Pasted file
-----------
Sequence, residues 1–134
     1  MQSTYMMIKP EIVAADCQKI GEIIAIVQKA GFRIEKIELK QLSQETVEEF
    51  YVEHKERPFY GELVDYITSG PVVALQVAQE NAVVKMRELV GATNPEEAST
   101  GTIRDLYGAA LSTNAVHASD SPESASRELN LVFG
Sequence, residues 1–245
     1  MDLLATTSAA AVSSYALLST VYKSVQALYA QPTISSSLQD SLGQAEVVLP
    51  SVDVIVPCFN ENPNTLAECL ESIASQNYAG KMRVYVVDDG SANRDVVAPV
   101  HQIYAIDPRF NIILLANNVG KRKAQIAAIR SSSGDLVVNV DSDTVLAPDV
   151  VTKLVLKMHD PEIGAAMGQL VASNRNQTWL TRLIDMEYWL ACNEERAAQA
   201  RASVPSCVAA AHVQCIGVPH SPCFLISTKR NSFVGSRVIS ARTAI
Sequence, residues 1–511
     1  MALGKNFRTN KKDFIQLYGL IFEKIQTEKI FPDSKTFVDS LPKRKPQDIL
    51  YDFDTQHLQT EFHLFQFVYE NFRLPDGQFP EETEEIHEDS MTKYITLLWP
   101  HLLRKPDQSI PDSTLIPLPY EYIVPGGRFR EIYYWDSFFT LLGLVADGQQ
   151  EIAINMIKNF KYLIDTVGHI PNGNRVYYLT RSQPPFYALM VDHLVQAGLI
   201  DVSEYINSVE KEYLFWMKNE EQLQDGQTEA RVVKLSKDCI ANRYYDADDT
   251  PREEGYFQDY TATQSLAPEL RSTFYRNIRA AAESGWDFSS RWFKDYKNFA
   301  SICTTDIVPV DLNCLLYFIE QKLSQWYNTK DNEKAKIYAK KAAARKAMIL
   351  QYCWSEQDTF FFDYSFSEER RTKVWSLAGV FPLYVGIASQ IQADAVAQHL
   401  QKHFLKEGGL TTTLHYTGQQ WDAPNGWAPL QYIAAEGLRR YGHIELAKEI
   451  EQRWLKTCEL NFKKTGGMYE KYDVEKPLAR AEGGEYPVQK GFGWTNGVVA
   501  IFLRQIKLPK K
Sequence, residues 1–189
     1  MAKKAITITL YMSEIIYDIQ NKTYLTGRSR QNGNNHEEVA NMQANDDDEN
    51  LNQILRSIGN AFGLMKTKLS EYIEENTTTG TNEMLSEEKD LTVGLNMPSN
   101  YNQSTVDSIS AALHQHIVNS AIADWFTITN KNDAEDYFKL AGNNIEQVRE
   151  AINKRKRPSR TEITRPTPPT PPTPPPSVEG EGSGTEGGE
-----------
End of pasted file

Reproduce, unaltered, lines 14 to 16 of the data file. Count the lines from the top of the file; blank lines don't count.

   101  HLLRKPDQSI PDSTLIPLPY EYIVPGGRFR EIYYWDSFFT LLGLVADGQQ
   151  EIAINMIKNF KYLIDTVGHI PNGNRVYYLT RSQPPFYALM VDHLVQAGLI
   201  DVSEYINSVE KEYLFWMKNE EQLQDGQTEA RVVKLSKDCI ANRYYDADDT